Showing posts with label Lemon. Show all posts
Showing posts with label Lemon. Show all posts

Wednesday, February 07, 2007

Sweets For My Sweet!

'Tis February, and love is in the air. Aptly, the theme for Meeta's Monthly Mingle is Sweet Love. Not a problem at all. Because my sweet, unlike me, does love his sweets quite ardently. A little light bulb went off in my head when I read the theme: I knew just the dessert I wanted to make. It is the sweet treat that V loves at any time of day or night, and something he prefers even to a chocolate dessert: Lemon-Poppy Seed Cake. For all the years that I have known him, V has been rather loyal about his brunch and snack comestibles: either a walnut-raisin cream cheese schmeared bagel or a lemon-poppy seed muffin.

For an equal number of years, I have been planning to make lemon-poppy seed cake and just never got around to it. In truth, it is one of the simplest cakes to make: light and citrusy, with only the addition of the crunchy black poppy seeds and a slight tang from the lemon. Now, armed with a new set of baking dishes, I was all ready to make it. A quick google search revealed this recipe on Epicurious, taken from the book The Cake Bible, and I did follow this recipe exactly.

Lemon Poppy Seed Loaf

Recipe Source: This recipe on Epicurious.
The method was a little different from the cream-the-butter-and-sugar step that I have started dozens of cakes with. Here, the dry ingredients, cake flour, sugar, baking powder, poppy seeds, and lemon zest were mixed together. Then, softened butter and a milk-egg-vanilla extract mixture were added and mixed in to the dry ingredients. This was a breeze with my **new hand-held mixer**, an unexpected and very thoughtful gift from Alanna!
See anything funny in the picture?
The prepared batter was poured into a greased and floured loaf pan and baked at 350 degrees F. In 50 minutes, the cake was done (a little bit over-done actually). I then spread some lemon juice-sugar glaze on it and kept it overnight before slicing it.
The verdict: The cake itself was light and very tender, just delicious. The glaze, however, made the cake unevenly soggy instead of the moist result I was looking for. Plus, the glaze was too tart. Anyway, V loved the cake, and so did the colleagues that I compelled him to share it with. Meanwhile, I shall keep looking for a recipe that I like better. I remember seeing one in a Cook's Illustrated cookbook...I'm going to hunt for that one again.

Thanks, Meeta, for hosting this event...for finally inspiring me to make a sweet treat that has been years in the making!

Wednesday, January 31, 2007

JFI: Ginger-Lemon Rasam

This month's theme for Jihva for Ingredients, hosted by Rosie of What's the recipe today Jim? is the...herb? vegetable? spice? ginger. A knobby, gnarly, ugly root that is beloved by so many cuisines. Just the word ginger gives me a warm, cozy, delicious feeling. [It also makes me want to run and hide from my parents' crazy, over-sized, hyperactive Doberman Pinscher named "Ginger" but that is a story for another day]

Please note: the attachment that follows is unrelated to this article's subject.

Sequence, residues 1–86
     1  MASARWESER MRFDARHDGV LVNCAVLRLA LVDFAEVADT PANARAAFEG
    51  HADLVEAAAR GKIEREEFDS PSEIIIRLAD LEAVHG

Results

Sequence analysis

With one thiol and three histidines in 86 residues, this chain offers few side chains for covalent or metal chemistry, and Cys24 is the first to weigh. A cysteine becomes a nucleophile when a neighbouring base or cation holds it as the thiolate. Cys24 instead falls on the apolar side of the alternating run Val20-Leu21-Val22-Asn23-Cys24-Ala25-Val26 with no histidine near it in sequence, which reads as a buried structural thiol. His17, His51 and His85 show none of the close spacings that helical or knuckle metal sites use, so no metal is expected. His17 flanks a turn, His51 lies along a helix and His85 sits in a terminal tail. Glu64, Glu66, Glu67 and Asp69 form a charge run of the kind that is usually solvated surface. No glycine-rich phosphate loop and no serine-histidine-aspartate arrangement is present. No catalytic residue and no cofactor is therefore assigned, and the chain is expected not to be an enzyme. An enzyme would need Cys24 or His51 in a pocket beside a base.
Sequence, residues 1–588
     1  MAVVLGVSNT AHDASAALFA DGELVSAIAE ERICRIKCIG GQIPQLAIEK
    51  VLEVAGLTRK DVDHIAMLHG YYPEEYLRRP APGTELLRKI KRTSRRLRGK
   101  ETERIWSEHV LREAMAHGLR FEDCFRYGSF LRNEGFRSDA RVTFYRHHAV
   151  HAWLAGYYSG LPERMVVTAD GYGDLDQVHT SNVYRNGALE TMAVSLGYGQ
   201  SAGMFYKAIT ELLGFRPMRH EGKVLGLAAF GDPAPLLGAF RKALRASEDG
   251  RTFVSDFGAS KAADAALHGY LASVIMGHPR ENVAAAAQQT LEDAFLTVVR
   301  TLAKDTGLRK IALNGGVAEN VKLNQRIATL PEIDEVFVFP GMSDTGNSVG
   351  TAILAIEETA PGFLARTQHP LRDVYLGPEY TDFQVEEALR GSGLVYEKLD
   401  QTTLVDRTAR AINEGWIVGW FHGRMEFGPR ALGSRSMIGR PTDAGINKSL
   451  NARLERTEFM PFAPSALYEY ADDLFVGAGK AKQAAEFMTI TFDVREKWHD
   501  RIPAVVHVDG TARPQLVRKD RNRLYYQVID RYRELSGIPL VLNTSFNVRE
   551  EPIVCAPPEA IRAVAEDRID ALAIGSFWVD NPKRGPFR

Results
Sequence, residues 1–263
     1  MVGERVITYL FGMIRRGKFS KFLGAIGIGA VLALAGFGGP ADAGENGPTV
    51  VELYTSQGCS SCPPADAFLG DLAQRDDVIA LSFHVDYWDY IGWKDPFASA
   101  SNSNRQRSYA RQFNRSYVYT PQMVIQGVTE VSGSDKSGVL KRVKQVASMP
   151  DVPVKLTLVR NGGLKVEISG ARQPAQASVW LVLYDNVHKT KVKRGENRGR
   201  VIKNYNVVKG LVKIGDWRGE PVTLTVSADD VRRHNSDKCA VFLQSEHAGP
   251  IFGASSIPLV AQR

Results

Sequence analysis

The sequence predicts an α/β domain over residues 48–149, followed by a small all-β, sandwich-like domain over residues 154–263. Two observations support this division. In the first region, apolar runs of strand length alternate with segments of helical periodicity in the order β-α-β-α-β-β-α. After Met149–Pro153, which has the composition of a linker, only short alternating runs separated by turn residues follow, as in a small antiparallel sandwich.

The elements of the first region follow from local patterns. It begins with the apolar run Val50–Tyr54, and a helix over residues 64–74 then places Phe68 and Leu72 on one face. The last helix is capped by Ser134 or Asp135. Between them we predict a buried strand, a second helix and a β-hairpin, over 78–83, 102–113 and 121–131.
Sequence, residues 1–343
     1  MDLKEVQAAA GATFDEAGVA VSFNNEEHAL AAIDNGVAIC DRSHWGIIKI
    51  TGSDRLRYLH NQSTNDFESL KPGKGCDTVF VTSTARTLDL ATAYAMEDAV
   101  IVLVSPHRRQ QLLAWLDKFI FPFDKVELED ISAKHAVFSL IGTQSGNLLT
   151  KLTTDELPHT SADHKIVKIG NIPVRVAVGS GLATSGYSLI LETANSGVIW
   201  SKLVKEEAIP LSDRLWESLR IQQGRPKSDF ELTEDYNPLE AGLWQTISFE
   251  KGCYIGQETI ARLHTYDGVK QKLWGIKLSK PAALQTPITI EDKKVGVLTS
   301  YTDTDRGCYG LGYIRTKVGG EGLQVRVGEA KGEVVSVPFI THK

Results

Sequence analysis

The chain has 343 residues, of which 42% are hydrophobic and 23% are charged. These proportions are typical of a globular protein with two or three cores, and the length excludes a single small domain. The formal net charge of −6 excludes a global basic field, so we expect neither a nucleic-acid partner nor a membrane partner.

Truly, ginger brings a lot to the table. My favorite way to consume it in vast quantities these days is via Trader Joe's triple ginger cookies, addictive little morsels jammed with fresh, ground and crystallized sugar. These are the only cookies in the world that I enjoy eating on a regular basis (apart from Parle G, that is).

Today, I am making the simplest preparation with ginger: what should be properly called a rasam-inspired ginger-lemon dal, for it uses more dal than rasams do. A simple lentil preparation with typical Southern Indian spices, it contains plenty of lemon juice and minced fresh ginger. With some freshly steamed rice, it makes a homely meal. By itself, sipped as a soup, it has magical properties: it can clear up sinuses, banish the winter blues, perk up jaded palates and warm you from the inside out.

Oh, and I also want to share my favorite ginger-related kitchen tip: peeling ginger with a small spoon. It really works!

Ginger-Lemon Rasam

(serves 4-5)
1. Soak 3/4 cup of toor dal for 10-15 minutes, then rinse it well and cook it on the stove-top or pressure cooker and set aside.
2. Heat 1 tsp oil. Make the tempering using: 1/2 tsp mustard seeds, 1/2 tsp cumin seeds, pinch of asafoetida, 5-6 curry leaves, 1 dry red chili broken in half.
3. Add 1 tbsp very finely minced fresh ginger, 1/2 tsp turmeric and stir, then immediately add 1/4 cup diced tomato (fresh or canned) and salt to taste.
4. Stir in 1 tsp sambar powder and the cooked dal.
5. Add 2-3 cups of water to make a fairly dilute dal. Bring to a boil and simmer for 4-5 minutes.
6. Remove from heat, then add the juice of one fresh lemon and garnish with minced cilantro. Serve piping hot as a soup or a dal!

Thanks, Rosie, for hosting! I look forward to some great gingery goodness in the round-up!